December 4, 2013

Third world rules

The third world plays by different rules than the second or first world. Let's see how...

Based on the percentage of citizens who file their taxes, unemployment in the third world is over 50%. Taxes work differently in the third world. Government workers (police and community leaders) go around the local businesses to extort bribes and when the money is unavailable, they will force the business to close. This essentially eliminates medium-sized businesses. Big businesses are generally government-owned or have under-the-table arrangements with government workers. If you don't work for such a company, a common alternative is to go underground.

The underground economy is where most locals earn the money to eat. They drive motorcycle taxis, they cook and open one-man restaurants, they work online if the internet exists. In the third world, everyone is an entrepreneur. They have to be if they want to feed their families. What does this look like?

Laws may prevent child labor, but they do not prevent children from working in the family business. Small children grow up in the family store or restaurant. You'll see them hopping around, making crazy noises and playing with action figures. When they are old enough to stock the shelves, they do so. When they have the hand-eye-coordination to safely carry plates, they serve restaurant customers.

When you see it up close, "child labor" looks quite different from what the first world thinks it is. It becomes more human. Work and play aren't separated from each other. Family time and watching the shop can happen at the same time. The first world's black & white view of work and leisure and family time vs time to earn money blends in the third world.

Pets in the third world are necessarily different from those in the first world. Where there is fear of break-ins and theft, dogs are used as burglary alarms. They are chained outside and are trained to bark whenever anyone comes by. They are not walked and spend all day everyday on a two-foot chain. This don't have the opportunity to explore or release their excess energy and can quickly become aggressive.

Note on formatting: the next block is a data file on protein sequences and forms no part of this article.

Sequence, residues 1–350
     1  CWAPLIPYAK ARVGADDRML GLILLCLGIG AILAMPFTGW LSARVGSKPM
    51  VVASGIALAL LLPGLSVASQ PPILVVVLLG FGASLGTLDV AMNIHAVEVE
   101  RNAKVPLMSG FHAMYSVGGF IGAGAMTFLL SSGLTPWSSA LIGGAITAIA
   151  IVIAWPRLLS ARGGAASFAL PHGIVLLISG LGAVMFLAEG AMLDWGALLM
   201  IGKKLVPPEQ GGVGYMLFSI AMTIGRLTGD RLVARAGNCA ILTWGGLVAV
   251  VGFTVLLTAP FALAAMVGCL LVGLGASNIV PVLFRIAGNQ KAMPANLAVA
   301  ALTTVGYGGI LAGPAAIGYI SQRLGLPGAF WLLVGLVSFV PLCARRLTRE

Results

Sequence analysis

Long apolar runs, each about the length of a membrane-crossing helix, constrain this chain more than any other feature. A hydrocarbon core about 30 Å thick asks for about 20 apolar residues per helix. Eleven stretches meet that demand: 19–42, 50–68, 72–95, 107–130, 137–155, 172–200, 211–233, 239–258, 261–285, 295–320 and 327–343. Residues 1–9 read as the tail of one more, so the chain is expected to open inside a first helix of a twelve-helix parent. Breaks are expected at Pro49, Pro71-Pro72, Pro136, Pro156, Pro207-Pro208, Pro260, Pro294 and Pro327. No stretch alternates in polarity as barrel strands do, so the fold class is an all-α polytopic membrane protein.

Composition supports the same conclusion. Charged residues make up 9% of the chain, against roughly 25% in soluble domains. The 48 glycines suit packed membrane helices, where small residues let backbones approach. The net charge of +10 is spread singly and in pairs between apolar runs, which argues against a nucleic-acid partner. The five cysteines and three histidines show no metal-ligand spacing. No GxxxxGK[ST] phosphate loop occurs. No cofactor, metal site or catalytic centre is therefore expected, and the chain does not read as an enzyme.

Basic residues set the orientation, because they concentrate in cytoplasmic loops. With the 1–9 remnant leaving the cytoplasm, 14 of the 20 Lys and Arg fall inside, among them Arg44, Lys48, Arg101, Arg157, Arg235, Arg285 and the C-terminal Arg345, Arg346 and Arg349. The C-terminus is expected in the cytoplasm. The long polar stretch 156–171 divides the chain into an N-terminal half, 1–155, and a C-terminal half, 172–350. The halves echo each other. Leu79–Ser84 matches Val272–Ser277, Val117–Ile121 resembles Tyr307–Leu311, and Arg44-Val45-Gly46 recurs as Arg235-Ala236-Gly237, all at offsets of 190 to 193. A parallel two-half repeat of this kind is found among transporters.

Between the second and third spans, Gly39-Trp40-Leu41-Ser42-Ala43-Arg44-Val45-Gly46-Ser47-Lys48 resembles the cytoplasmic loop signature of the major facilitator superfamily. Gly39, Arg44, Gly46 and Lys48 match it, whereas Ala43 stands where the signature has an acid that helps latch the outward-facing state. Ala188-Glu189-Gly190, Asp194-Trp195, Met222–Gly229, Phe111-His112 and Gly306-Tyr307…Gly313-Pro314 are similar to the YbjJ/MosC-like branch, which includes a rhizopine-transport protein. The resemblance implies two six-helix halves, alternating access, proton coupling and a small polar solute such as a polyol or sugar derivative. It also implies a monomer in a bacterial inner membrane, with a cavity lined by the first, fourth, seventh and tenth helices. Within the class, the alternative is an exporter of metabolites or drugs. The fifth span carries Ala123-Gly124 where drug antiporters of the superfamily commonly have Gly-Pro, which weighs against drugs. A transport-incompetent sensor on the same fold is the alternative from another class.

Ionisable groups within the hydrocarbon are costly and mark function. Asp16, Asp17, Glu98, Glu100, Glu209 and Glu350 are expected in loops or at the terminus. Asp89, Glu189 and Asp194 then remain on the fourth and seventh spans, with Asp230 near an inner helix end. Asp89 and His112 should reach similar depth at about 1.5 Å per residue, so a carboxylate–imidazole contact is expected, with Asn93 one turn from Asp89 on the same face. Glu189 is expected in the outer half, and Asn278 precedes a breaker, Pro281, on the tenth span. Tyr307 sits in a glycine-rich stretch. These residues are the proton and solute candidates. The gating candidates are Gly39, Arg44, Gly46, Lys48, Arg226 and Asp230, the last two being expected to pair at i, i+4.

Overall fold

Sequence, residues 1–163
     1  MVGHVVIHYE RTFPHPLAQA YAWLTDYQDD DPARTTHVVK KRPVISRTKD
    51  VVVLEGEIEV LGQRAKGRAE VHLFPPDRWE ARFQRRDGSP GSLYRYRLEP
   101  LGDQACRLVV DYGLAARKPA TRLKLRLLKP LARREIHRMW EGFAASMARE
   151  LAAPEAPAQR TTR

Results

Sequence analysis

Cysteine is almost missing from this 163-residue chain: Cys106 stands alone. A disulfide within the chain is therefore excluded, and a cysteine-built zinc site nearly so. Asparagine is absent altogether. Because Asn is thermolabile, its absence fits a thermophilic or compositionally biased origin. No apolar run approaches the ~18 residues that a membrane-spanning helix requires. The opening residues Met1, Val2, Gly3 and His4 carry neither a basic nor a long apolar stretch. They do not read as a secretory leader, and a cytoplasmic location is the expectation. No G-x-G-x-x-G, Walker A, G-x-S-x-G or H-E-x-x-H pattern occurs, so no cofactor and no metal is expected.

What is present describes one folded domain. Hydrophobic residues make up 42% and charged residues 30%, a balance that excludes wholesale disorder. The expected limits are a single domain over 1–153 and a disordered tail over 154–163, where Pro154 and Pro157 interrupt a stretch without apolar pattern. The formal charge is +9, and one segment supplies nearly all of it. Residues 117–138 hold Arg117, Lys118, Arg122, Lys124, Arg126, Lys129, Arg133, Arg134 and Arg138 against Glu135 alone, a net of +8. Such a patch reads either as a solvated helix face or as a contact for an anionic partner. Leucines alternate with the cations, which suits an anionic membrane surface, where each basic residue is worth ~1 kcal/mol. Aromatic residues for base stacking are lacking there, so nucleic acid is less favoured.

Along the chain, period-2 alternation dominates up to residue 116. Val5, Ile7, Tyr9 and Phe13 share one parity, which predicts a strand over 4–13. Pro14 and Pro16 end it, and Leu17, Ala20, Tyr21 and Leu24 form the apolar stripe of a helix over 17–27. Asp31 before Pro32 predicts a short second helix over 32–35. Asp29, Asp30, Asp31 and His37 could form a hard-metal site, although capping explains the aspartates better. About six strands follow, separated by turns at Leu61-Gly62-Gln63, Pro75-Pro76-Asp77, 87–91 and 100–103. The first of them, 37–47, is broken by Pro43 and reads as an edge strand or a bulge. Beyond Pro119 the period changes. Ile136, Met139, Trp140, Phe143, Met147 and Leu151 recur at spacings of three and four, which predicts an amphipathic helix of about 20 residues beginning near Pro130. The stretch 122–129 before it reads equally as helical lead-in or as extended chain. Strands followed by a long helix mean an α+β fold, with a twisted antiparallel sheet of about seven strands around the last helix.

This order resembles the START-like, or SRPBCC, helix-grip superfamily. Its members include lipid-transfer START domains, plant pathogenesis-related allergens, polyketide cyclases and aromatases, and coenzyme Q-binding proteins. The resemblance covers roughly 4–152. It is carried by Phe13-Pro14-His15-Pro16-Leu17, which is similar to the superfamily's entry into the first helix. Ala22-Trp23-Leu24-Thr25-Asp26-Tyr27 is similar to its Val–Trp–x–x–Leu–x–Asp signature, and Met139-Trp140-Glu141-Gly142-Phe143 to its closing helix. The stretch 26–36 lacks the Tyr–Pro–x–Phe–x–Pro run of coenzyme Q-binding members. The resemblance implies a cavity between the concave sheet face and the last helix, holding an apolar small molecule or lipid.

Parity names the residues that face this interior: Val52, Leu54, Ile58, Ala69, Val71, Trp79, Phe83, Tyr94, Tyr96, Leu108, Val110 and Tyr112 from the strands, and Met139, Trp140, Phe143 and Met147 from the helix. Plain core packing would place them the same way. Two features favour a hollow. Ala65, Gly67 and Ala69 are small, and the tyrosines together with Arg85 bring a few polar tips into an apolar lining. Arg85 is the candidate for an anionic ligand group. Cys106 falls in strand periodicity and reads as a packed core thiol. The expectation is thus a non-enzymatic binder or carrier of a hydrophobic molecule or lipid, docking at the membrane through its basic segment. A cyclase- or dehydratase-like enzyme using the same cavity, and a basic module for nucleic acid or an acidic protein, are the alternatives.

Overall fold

Other dogs roam the streets freely and do not belong to any particular family. Just like the chained dogs who eat the family's leftover table scraps, street dogs often eat from the trash. They are not spayed due to the high cost and they multiply in number.

Similarly, street cats are common in the third world. They co-exist with the homeless dogs and compete for the same food that generally comes from the garbage. Many die soon after birth, but others grow up only to pick up infections and skin problems which escalate due to non-treatment which can also lead to death.

The health troubles that street cats have are also seen in cats with owners since they usually live in their owner's house and are given free access to roam outside. Even good owners' cats will often die due to health problems that are not properly diagnosed by vets due to lack of quality vet education.

Cat owners choose not to bring their cat to the vet due to exorbitant bills and treatments having no effect. A few cat-lovers in the village will attempt to take care of innumerable cats, but they realize that the battle is not one that can be won. They continue to feed stray cats, but providing healthcare for the cats is rarely financially feasible. The street cats die early and many more take their place as un-spayed mothers continue to have babies and increase the population of strays.


  1. Very interesting; but what about the adult humans in the third world? How are they different from adults in the first and second world?

  2. Good question, that'll go on a future post. I find the third world fascinating and believe it is the best place to start businesses.